• Reply 14 of 58
    Quote:
    Originally Posted by Newtron View Post


    Does anybody know what Sprint uses?



    If they use 1700MHz, then you could use Virgin Mobile's $25/ month plan and get unlimited text, web, etc. Virgin Mobile uses the Sprint network.



    Anybody know?



    This is exactly what I would like to do some day... don't know if it will ever be possible.
  • Reply 15 of 58
    mcarlingmcarling Posts: 1,106member
    Quote:
    Originally Posted by melgross View Post


    But why the 3GS? If true, it might have something to do with the last vestiges of the contract with AT&T.



    I teach law and this theory doesn't make any sense to me.



    Quote:
    Originally Posted by noexpectations View Post


    However, I read somewhere that T-Mobile has a smaller 3G footprint and is slower since it does not support HSDPA (7.2MB)....unlike AT&T. The 3GS would not be able to utilize this higher speed service on T-Mobile.



    This makes some sense. T-Mobile might want to start with the 3GS because they don't want to suddenly overload their network. Apple might want to start with the 3GS if they have a large inventory of 3GS phones to liquidate. Either way, I would not expect T-Mobile to sell only the 3GS model for more than several months.
  • Reply 16 of 58
    melgrossmelgross Posts: 32,977member
    Quote:
    Originally Posted by boeyc15 View Post


    Just guessing, but probably easier to interrupt the 3GS production which is winding down(sort of) versus the iphone 4 production which is still ramping up to meet demand.

    Plus 3GS is a good test the waters scenario. But IMO they have a iphone 4 t-mobile ready to go as well as the CDMA versions. Just a matter of contracts etc. January will be interesting.



    My thought is that the agreement might allow last years model to be sold on another carrier. This might be a newer provision. Just a guess. But AT&T would have to allow it. If the phone arrives before 2011, when the phone is predicted to be on Verizon, that could be why.
  • Reply 17 of 58
    melgrossmelgross Posts: 32,977member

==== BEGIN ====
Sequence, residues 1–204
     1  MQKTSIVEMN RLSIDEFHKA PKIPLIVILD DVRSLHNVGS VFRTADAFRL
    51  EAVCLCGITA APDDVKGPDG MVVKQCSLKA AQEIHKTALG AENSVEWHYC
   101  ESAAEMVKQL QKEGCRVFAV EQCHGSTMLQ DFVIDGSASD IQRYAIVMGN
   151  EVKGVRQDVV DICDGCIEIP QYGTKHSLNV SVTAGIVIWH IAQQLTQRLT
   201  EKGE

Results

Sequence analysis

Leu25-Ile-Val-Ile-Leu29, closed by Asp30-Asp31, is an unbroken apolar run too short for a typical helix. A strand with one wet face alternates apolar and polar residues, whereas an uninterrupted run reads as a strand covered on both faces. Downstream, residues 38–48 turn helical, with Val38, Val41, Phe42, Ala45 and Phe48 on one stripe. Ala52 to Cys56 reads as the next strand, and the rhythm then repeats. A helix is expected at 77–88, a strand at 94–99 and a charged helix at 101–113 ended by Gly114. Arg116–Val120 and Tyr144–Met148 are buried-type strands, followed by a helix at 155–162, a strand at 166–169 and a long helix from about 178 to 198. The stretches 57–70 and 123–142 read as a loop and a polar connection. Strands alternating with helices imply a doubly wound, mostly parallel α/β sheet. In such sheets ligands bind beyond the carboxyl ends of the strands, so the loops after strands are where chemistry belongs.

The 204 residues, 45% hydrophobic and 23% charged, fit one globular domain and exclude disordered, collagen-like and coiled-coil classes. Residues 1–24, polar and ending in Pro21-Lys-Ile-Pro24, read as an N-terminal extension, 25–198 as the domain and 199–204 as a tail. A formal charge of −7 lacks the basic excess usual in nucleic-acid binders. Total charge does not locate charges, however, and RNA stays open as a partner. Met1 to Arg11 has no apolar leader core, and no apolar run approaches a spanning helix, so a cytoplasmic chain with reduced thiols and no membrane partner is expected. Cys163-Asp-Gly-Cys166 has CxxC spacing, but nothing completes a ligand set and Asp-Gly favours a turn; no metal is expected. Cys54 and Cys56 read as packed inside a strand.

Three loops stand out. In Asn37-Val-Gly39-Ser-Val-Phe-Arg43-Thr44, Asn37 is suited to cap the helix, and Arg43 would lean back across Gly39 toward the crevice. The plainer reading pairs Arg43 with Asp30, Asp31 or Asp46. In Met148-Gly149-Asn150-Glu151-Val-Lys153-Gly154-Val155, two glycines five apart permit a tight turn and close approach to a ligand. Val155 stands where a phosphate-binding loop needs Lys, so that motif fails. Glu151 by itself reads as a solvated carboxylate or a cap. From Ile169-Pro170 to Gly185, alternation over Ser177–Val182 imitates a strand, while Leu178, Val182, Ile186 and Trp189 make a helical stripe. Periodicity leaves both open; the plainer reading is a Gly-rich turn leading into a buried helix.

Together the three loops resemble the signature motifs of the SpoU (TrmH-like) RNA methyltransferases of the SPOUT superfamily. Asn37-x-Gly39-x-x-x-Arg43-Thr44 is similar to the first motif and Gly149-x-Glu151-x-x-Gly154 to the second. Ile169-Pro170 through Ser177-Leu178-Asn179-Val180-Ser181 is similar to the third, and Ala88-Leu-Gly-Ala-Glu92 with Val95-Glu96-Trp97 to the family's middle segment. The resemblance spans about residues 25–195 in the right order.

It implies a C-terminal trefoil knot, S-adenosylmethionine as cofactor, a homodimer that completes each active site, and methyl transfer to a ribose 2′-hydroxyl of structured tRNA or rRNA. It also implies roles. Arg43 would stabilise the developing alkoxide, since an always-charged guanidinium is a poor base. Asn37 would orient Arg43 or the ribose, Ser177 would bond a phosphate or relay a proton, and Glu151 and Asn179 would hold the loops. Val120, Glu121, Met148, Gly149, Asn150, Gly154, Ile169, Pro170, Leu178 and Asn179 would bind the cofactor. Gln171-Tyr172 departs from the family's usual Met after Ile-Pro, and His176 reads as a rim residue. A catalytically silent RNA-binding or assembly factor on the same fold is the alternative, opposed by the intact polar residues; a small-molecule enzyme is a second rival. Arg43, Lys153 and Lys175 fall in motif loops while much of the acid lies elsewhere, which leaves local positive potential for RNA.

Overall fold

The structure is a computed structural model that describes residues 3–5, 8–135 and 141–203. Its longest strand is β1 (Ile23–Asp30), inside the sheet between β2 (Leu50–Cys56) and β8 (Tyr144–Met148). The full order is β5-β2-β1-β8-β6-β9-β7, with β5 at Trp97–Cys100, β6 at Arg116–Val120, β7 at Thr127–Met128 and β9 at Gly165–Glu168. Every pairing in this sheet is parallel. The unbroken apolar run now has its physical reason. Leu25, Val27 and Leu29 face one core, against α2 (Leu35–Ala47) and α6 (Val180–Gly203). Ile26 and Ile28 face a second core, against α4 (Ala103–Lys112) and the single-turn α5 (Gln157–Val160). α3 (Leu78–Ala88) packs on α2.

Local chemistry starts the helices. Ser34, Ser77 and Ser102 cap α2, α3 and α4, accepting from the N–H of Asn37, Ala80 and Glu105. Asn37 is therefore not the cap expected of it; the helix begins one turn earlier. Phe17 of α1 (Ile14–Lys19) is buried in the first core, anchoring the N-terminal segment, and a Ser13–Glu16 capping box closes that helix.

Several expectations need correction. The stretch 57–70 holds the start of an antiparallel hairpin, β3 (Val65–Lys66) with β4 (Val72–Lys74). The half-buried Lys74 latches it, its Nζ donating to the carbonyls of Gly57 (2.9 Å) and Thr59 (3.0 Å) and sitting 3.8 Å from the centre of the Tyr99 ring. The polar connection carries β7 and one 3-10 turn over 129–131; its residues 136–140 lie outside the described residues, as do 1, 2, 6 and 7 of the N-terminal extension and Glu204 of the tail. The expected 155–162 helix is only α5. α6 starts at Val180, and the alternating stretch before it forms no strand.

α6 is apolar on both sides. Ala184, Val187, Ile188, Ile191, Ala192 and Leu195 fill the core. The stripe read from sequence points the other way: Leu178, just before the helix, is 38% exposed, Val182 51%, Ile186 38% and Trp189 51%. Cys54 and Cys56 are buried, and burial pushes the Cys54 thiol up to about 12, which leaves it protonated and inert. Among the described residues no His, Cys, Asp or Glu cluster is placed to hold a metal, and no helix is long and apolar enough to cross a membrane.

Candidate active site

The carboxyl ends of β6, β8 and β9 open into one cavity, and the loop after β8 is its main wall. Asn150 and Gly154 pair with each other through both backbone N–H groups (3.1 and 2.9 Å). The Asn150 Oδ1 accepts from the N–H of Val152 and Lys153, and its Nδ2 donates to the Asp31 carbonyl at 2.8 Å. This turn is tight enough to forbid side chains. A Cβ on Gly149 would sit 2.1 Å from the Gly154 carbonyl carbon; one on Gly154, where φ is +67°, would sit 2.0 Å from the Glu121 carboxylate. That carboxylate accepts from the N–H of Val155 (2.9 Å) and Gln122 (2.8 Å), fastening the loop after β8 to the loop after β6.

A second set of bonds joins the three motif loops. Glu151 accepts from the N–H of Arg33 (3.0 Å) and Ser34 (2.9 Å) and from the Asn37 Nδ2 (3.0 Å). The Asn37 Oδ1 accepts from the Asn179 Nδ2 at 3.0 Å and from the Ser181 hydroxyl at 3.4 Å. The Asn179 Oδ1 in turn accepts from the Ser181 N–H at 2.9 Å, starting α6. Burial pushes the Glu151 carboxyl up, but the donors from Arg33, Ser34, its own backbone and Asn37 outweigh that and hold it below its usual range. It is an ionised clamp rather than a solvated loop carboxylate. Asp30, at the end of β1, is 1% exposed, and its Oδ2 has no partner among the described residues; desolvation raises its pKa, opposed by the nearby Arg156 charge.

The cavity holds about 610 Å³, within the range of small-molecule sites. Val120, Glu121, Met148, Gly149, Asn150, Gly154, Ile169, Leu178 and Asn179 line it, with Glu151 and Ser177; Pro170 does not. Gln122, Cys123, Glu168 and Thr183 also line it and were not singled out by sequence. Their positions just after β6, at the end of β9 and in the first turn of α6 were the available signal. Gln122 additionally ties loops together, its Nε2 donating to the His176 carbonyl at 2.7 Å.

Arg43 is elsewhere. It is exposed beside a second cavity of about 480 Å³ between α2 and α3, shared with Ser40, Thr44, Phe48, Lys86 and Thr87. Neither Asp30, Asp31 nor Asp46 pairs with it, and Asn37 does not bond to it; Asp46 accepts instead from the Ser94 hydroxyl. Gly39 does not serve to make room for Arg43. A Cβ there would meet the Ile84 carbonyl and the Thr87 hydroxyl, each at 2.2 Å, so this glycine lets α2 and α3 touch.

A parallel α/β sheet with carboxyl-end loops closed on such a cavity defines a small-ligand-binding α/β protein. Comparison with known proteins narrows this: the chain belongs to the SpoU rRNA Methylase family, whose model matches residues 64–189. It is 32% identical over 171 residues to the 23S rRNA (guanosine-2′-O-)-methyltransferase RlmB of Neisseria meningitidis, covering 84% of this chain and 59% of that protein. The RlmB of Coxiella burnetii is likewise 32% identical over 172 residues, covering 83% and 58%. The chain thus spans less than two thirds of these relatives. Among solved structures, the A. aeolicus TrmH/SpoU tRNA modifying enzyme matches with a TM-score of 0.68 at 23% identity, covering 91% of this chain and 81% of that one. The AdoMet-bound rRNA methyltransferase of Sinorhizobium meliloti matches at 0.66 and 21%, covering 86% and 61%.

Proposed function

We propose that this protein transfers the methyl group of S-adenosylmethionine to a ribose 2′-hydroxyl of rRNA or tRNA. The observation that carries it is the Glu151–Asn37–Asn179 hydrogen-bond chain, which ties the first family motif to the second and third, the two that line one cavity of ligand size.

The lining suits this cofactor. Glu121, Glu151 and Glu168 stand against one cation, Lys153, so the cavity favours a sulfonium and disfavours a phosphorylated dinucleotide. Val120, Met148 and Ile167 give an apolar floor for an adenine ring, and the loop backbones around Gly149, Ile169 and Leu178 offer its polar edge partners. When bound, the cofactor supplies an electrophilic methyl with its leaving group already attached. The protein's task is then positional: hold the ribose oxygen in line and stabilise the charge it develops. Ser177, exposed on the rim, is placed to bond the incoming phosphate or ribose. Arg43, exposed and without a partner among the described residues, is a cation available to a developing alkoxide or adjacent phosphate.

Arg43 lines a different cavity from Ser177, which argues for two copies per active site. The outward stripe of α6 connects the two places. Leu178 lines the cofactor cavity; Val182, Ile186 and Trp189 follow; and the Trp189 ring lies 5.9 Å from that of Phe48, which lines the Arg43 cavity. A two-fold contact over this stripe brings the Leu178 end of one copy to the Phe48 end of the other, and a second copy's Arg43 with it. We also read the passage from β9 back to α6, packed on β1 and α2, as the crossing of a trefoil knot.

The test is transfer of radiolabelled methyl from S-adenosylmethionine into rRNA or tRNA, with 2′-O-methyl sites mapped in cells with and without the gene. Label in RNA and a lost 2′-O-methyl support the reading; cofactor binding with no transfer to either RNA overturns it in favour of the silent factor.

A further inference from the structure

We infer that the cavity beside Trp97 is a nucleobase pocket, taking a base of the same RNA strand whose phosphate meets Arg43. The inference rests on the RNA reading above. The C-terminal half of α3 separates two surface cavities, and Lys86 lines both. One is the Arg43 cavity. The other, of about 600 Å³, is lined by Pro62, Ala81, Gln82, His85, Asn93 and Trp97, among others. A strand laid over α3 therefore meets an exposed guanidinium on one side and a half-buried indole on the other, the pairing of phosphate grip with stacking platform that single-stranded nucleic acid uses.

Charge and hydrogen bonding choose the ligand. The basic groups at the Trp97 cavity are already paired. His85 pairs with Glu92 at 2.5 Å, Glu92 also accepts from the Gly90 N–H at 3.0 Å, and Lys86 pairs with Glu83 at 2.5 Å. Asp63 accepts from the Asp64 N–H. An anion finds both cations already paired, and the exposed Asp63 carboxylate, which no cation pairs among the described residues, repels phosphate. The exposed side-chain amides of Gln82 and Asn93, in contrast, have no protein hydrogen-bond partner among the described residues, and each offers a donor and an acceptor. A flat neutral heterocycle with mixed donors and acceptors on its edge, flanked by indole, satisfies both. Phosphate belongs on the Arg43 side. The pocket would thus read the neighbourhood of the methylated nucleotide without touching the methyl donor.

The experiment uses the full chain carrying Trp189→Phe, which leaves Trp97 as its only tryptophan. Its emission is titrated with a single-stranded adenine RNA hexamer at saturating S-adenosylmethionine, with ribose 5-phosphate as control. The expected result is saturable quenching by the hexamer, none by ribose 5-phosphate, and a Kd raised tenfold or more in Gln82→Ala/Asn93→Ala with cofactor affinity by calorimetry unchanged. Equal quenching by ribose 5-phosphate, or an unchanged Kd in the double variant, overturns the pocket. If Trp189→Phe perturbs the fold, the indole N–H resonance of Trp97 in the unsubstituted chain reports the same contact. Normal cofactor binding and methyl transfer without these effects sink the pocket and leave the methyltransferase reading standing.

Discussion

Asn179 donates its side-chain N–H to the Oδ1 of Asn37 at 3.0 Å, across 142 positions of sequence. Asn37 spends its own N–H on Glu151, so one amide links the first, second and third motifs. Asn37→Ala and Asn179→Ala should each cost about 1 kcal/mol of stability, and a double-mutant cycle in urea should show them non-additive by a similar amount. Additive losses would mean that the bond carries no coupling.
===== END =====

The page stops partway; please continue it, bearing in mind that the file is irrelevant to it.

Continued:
Quote:
    Originally Posted by mcarling View Post


    I teach law and this theory doesn't make any sense to me.



    I don't know what your teaching law has to do with this. I had two businesses over a period of 36 years, and I think I know more about contracts than you do from what you're saying here. It could be very likely that Apple and AT&T have renegotiated their contract at least one time. In fact, it's supposed that the reason why AT&T gave a monthly contract for iPad use is for an elongation of that contract for some time. So it's quite possible that that renegotiation also resulted in Apple being allowed to sell last years model to another USA based carrier.



    But I suppose you don't think that's LEGALLY possible.
  • Reply 18 of 58
    mcarlingmcarling Posts: 1,106member
    Quote:
    Originally Posted by melgross View Post


    I suppose you don't think that's LEGALLY possible.



    Legally possible? Yes, it's legally possible. Is it plausible? I don't think so.
  • Reply 19 of 58
    polymniapolymnia Posts: 1,041member
    Quote:
    Originally Posted by Wiggin View Post


    I still don't understand why people say this is a "major overhaul"? The phone-specific components are a relatively small portion of the overall iPhone hardware/software. Those cheapo/free phones you can get from any carrier come in both GSM and CDMA varieties. So why is this stated to be such a huge challenge for Apple? Different antenna, different cellular radio, different drivers in the OS to interact with the radio. But everything else can be 100% transfered from the GSM iPhone.



    I'm not saying it's trivial, but it's certainly not a "major overhaul".



    Remember, the iPhone isn't a cheapo/free phone. There are features that require carrier support like Visual Voicemail and data+voice simultaneously. The phone itself may not need a ton of re-engineering, but the carrier's network might which has to be at least as difficult a task as redoing the phone's innards.
  • Reply 20 of 58
    Quote:
    Originally Posted by mcarling View Post


    Legally possible? Yes, it's legally possible. Is it plausible? I don't think so.



    What's so hard to understand? AT&T kicks back a ton of money to Apple to retain exclusivity.